This blog was authored by Molly Tami
Molly Tami serves as the Assistant Dean for Career & Professional Development at USD School of Law. She previously designed and taught a course on Law, Gender and the Work/Family Conflict and is passionate about advancing women in the legal profession.              



Tags:  career  Chasing the Last Wave  confidence gap  feminism  feminist  gender  last wave  legal profession 

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Chasing the Last Wave

Posted By Molly Tami, Wednesday, July 27, 2016

The concept of “choice” runs deep throughout the three waves of feminism. During the first wave (late 19th to early 20th centuries), women fought for the legal right to make social, political and economic choices that critically affected their lives. Hard to believe that women in this country could not even vote until 1920!   Second wave feminism (1960’s continuing in the 1990’s) saw women exercising choice to work outside the home and in fields traditionally the province of men. The fight for a woman’s “right to choose” and control her reproductive rights and health also dominated during the second wave. (Women continue to battle today to preserve those hard-earned choices.)     

 

During the period of third wave feminism, (early 90’s to present), the rhetoric of “choice” arose in another context as women (predominantly professional women) struggled to deal with the “work/family conflict.” Women discovered it was not easy to have it all. The resulting “mommy wars” pitted women against each other, as conflict arose between women who chose to be homemakers versus those who chose to pursue careers. You may remember the controversy around Hillary’s statement that “I suppose I could have stayed home, baked cookies and had teas, but what I decided was to fulfill my profession.” This conflict continues to threaten feminist coalitions. (And it glosses over the fact that most women, because of financial realities, lack the choice between working and staying home to raise a family--a larger topic for another day.)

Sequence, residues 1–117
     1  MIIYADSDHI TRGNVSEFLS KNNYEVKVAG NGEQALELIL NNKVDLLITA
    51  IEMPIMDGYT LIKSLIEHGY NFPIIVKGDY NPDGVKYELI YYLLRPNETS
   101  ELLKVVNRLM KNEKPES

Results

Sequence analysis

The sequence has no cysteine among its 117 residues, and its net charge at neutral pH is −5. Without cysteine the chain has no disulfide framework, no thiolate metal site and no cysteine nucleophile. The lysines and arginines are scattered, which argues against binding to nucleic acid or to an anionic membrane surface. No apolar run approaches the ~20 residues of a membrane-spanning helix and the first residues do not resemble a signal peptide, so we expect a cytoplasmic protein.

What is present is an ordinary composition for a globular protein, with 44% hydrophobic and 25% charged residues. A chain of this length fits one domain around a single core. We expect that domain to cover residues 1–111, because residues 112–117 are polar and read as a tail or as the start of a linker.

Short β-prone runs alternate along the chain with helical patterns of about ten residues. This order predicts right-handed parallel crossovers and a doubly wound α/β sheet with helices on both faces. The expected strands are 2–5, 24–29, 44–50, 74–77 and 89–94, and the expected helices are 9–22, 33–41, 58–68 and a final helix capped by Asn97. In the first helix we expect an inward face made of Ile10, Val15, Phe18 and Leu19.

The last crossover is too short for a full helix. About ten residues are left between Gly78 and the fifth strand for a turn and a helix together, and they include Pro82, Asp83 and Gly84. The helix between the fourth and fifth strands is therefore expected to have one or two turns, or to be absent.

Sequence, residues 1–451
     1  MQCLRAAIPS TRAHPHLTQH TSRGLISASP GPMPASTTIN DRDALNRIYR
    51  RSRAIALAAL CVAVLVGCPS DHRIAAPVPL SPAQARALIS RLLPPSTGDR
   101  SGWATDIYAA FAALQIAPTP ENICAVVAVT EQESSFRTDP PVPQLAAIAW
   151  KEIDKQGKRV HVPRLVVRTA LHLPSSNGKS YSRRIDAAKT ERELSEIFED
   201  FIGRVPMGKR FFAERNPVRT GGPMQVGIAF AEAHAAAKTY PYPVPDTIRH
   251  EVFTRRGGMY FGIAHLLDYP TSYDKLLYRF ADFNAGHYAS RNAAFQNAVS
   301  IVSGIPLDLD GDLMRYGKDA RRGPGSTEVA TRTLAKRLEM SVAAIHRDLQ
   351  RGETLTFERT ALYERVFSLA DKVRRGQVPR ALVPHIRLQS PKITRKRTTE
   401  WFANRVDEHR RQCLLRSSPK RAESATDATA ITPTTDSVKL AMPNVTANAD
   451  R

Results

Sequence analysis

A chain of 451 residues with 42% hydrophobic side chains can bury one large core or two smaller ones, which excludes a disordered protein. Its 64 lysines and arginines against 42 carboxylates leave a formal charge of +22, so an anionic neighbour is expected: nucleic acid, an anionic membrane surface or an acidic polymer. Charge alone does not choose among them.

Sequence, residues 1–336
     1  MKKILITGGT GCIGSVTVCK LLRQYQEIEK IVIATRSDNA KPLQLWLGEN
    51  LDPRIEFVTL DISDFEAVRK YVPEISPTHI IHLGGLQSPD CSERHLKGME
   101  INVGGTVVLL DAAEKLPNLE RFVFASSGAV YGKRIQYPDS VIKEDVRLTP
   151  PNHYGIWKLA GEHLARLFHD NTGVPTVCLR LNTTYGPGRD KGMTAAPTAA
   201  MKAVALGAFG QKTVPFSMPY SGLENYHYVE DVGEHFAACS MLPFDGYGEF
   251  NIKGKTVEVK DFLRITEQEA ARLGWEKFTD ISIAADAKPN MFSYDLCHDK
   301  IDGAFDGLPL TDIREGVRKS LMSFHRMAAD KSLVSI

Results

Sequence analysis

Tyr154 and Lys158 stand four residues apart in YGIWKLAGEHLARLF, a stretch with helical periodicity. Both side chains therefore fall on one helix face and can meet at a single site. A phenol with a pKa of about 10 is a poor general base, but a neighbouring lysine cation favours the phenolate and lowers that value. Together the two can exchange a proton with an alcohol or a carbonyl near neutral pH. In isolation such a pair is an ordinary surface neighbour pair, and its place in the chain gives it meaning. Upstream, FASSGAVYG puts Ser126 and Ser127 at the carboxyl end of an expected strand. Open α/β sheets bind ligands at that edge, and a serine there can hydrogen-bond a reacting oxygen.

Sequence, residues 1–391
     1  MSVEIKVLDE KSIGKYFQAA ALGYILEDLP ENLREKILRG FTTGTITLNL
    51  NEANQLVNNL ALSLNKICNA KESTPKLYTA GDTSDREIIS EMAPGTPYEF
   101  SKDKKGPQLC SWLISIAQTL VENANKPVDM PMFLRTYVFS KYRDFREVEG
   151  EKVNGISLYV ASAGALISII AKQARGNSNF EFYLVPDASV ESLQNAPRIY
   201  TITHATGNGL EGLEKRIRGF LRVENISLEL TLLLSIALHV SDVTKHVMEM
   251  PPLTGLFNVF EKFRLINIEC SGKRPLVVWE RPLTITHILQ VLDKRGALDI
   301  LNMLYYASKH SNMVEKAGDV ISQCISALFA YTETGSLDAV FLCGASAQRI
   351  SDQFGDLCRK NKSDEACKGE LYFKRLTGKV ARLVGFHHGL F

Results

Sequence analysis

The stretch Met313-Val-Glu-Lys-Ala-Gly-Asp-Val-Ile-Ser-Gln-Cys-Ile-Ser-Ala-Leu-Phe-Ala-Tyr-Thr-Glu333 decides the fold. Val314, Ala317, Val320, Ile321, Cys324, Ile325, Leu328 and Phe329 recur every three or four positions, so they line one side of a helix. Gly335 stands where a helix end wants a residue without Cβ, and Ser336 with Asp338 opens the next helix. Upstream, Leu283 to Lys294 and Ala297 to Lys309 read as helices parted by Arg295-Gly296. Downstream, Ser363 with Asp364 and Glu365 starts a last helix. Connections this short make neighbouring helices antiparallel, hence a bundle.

Many have tried to unpack the notion of “choice” when it comes to women making decisions that affect their advancement in the legal profession.  We’ve all heard stories about women “choosing” to leave their firm or stepping off the fast track because of the pull of home/kids or because they feel too stressed out to do it all.   Professor Joan Williams and her colleagues at the Center for WorkLife Law at UC Hastings recently published an extensive report entitled ’Opt Out’ or Pushed Out? How the Press Covers Work/Family Conflict.”  In that report, the authors analyze the “opt out” story and tell “the untold story of why women leave the workforce.” While the stories in the press pinpoint the pull of family life as the main reason women choose to quit or opt-out, Williams cites a recent study showing that 86% of women cite workplace “pushes” such as inflexible jobs. The report’s overriding conclusion?  Women quit because they encounter “maternal wall bias”- gender bias triggered by motherhood.  Such women are not freely opting out- they are being pushed out by family responsibilities discrimination.

 

Williams’ report highlights that the press invariably focuses on women after they leave the workforce and before they are divorced (in a country with a 50% divorce rate). I recently talked with a lawyer facing divorce after decades of marriage to a successful high-earning professional. She had always remained involved in her profession, but had foregone major career opportunities to support her husband in his career and serve as the primary caregiver for their children. Although she had a job at the time of the divorce proceedings, she asked for partial income equalization (i.e., spousal support) to retain her financial security. Her husband conceded that she supported him in his career and cared for their kids, but he claimed that she made the “choice” not to pursue more lucrative opportunities during their marriage. So in other words, it’s her own fault that she will be less financially secure than he after the divorce because of her “choices.”  I shared in her outrage at that assertion.